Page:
Yorkshire Water 'devastating' rivers and sea as sewage dumped every 18 minutes

  • Videos from campaign group Beneath British Waters shows sewage being pumped into the River Aire near Rodley and the River Warfe in Wetherby.

New figures show on average Yorkshire Water dumped raw sewage into rivers and the sea every eighteen minutes over the past five years.

Environment Agency statistics show between 2016 and 2021 there were more than 160,000 spill events in the region's waters, with sewage pumped into the natural environment for more than a million hours.

Yorkshire Water says it is working hard to make improvements to river quality and meeting spill targets is a key part of its five-year plan.

Sewage discharge visible underwater in the River Aire near Rodley Credit: Beneath British Waters

After four successive 'poor' ratings for water quality at Scarborough South Bay between 2016 to 2019, the Environment Agency say the long-term trend for bathing quality water across Yorkshire is positive, with the North Yorkshire beach now rated 'sufficient' ahead of fresh results due after September.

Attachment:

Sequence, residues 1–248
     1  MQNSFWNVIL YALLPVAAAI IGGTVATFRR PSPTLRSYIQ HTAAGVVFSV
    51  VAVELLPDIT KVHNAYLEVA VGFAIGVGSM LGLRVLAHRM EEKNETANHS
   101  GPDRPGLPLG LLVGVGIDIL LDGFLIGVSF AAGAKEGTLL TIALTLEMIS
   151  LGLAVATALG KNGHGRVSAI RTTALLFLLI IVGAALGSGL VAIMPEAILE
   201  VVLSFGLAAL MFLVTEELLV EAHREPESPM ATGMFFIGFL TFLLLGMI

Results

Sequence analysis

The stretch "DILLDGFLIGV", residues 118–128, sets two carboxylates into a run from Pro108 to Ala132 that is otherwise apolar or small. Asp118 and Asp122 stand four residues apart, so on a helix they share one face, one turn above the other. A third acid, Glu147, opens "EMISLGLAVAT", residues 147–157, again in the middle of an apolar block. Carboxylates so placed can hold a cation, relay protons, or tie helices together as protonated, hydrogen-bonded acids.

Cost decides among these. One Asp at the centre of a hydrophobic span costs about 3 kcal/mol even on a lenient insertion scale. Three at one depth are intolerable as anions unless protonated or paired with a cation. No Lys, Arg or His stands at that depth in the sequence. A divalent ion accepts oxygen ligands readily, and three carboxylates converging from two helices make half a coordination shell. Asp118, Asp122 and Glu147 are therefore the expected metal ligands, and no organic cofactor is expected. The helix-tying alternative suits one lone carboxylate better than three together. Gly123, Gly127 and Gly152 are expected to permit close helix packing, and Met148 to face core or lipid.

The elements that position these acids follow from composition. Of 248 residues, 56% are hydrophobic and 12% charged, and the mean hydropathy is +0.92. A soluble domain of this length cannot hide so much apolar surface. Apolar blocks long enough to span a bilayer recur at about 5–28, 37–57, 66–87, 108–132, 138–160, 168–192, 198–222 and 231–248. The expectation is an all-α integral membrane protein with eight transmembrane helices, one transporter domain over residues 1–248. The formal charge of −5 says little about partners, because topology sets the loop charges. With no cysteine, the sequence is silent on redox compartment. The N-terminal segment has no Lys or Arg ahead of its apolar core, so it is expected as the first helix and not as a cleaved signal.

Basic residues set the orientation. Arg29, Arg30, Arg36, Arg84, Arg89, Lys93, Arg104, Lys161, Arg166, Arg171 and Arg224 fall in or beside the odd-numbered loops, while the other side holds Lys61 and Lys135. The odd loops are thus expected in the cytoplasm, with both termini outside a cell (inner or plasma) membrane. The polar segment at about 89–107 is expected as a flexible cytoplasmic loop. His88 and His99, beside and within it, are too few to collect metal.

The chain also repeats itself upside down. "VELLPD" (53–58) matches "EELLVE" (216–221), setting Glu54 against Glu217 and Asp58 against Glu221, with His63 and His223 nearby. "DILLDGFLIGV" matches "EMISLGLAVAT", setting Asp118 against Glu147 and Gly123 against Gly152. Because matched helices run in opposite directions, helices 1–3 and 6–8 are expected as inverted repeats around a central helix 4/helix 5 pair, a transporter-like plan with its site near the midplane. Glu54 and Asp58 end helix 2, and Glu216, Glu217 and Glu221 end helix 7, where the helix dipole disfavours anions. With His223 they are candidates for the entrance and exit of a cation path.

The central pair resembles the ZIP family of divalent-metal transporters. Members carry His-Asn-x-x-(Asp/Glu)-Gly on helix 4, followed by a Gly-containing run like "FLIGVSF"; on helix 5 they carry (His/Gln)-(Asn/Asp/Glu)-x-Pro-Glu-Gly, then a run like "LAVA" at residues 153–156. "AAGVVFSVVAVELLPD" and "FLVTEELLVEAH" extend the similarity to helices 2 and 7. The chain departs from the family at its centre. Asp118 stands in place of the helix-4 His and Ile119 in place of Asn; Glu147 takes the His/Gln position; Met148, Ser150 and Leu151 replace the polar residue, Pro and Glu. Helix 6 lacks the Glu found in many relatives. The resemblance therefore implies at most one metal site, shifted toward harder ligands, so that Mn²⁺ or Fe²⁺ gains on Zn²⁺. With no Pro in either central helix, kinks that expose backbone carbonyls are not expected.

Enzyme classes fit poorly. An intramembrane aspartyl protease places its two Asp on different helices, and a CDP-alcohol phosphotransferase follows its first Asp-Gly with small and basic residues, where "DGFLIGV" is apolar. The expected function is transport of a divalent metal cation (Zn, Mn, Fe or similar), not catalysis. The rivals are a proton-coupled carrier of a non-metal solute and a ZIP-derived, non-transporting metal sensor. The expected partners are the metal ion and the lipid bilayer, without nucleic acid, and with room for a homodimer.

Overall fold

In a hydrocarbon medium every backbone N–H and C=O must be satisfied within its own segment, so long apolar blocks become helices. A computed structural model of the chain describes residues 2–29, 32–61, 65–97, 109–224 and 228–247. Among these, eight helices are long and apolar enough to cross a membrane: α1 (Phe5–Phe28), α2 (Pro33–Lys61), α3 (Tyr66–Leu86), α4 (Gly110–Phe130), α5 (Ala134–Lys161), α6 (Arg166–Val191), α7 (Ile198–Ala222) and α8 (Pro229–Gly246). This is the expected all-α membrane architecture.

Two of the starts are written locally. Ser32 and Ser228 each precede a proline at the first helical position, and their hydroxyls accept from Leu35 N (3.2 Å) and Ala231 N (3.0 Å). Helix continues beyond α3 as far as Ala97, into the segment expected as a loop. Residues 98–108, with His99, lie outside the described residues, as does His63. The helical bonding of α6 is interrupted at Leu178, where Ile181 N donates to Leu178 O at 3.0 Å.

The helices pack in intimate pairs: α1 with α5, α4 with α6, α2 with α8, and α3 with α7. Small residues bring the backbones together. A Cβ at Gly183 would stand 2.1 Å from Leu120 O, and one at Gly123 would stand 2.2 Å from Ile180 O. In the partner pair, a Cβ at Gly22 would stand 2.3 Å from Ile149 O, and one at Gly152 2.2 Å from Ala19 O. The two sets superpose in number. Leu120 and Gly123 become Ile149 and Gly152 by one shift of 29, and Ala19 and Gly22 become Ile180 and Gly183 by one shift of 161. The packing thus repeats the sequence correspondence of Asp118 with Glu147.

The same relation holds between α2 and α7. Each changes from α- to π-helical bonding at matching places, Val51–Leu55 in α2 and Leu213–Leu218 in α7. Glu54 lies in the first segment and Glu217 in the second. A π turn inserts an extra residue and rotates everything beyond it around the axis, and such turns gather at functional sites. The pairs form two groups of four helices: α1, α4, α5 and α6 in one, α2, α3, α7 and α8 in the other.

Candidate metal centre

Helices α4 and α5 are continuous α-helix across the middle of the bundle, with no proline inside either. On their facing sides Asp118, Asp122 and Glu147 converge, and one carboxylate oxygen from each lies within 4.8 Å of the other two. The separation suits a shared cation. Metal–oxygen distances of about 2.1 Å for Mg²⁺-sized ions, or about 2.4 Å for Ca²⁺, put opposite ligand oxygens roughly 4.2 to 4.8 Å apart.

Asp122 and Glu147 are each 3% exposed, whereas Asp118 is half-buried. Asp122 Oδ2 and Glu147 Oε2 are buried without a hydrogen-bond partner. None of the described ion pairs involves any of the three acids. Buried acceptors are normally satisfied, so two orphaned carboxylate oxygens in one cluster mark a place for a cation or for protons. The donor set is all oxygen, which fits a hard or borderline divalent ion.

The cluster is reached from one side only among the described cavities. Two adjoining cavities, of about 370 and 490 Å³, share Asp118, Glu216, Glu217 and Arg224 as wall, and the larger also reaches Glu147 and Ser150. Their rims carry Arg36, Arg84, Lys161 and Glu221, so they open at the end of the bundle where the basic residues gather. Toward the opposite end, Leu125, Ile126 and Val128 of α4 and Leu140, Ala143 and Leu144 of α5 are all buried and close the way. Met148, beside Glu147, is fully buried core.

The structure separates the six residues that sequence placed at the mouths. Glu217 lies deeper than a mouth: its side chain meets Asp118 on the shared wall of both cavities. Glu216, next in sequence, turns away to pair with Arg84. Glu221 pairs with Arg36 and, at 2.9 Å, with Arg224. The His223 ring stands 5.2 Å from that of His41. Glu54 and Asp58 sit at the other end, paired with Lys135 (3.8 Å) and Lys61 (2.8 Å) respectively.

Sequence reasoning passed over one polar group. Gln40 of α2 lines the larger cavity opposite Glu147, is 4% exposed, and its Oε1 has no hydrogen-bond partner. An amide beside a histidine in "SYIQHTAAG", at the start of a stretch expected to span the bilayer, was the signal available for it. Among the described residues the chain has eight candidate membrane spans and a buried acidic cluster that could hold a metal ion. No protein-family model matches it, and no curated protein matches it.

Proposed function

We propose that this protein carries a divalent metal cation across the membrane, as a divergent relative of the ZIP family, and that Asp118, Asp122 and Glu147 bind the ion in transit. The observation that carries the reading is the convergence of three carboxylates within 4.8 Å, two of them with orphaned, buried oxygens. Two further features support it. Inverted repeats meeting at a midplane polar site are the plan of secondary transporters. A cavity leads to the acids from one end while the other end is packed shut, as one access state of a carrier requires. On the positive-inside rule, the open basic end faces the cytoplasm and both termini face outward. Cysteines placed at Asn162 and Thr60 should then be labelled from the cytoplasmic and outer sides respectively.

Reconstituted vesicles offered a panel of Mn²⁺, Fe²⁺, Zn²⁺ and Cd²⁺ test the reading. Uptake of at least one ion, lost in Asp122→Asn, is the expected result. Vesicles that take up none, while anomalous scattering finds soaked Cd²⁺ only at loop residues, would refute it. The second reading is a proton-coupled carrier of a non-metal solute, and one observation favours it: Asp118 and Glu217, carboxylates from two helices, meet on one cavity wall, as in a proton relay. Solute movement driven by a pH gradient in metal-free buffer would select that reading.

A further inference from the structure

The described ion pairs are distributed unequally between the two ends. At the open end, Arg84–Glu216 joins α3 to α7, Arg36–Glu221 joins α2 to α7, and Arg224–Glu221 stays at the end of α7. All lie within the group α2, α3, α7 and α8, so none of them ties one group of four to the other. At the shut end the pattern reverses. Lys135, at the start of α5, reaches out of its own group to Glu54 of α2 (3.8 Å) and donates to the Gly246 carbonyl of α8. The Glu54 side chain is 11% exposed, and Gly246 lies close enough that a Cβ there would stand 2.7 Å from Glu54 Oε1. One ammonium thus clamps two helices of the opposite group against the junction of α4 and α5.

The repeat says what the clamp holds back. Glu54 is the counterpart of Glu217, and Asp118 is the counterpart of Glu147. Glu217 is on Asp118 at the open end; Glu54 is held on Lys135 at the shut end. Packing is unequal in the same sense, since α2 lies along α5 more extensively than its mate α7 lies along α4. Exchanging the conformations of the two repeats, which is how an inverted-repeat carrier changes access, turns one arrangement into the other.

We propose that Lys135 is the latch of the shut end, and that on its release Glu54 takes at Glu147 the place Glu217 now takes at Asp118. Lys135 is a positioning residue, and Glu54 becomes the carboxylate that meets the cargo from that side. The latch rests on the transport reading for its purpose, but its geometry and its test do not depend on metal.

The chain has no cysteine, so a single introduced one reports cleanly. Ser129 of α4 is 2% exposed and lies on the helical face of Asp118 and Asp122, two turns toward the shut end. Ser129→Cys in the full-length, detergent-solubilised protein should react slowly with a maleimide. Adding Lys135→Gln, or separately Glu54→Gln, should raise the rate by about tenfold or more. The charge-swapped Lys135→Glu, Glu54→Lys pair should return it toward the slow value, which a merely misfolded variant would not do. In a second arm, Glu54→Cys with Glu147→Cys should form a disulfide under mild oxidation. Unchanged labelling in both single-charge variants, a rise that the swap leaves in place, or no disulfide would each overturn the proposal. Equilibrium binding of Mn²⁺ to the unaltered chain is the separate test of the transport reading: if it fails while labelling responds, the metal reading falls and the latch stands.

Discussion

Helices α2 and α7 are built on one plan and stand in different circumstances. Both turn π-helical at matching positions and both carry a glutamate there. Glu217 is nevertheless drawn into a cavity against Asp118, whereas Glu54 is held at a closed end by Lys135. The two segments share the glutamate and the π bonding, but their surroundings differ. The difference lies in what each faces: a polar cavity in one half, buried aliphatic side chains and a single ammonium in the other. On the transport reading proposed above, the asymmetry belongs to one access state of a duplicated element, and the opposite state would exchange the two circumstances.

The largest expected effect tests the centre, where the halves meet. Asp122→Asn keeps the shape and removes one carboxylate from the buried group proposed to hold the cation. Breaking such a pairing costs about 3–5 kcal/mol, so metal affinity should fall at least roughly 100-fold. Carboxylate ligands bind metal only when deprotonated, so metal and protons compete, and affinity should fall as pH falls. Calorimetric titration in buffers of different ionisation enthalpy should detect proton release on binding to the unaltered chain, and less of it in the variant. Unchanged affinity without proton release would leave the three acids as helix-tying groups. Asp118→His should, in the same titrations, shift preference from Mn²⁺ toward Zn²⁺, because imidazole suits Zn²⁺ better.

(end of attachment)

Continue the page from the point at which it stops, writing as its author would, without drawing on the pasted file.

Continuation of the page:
But campaigner Steve Crawford from Surfers Against Sewage says the town has been waiting for changes for too long already.

He said: "Ten years ago Yorkshire Water asked bill-payers for an extra £110m to give us the best bathing water quality in Europe, but we've still got the same situation now.

"If I paid someone to fix my roof and it wasn't right, I'd expect some recompense, so we need Yorkshire Water to answer the question why didn't it work, or give us some money back."

The water company says the sewage spills are due to so-called storm overflows, which act as relief valves when the sewerage system is at risk of being overwhelmed because of heavy rain.

It says there are a variety of factors that impact water quality on the region's beaches, not all of which are under its control.

Footage shows sewage being pumped into the River Aire near Rodley Credit: Beneath British Waters

A spokesperson for Yorkshire Water said: "We completely understand the increased public interest in river quality in our region and nationally. We know that our storm overflows operate more often than our customers, or we, would like and we're working hard to make improvements across the region."

The regulator Ofwat says the amount of sewage released into the environment "isn't acceptable" and it has launched an investigation into all waste water companies.

It has cases open into six companies, including Yorkshire Water.